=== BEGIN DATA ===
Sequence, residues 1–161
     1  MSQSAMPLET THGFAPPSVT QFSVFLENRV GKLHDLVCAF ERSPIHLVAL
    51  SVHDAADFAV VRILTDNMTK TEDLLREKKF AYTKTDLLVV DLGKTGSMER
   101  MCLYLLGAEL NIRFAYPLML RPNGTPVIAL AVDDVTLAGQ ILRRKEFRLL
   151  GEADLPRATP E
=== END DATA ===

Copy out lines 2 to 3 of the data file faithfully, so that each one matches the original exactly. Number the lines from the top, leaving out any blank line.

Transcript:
     1  MSQSAMPLET THGFAPPSVT QFSVFLENRV GKLHDLVCAF ERSPIHLVAL
    51  SVHDAADFAV VRILTDNMTK TEDLLREKKF AYTKTDLLVV DLGKTGSMER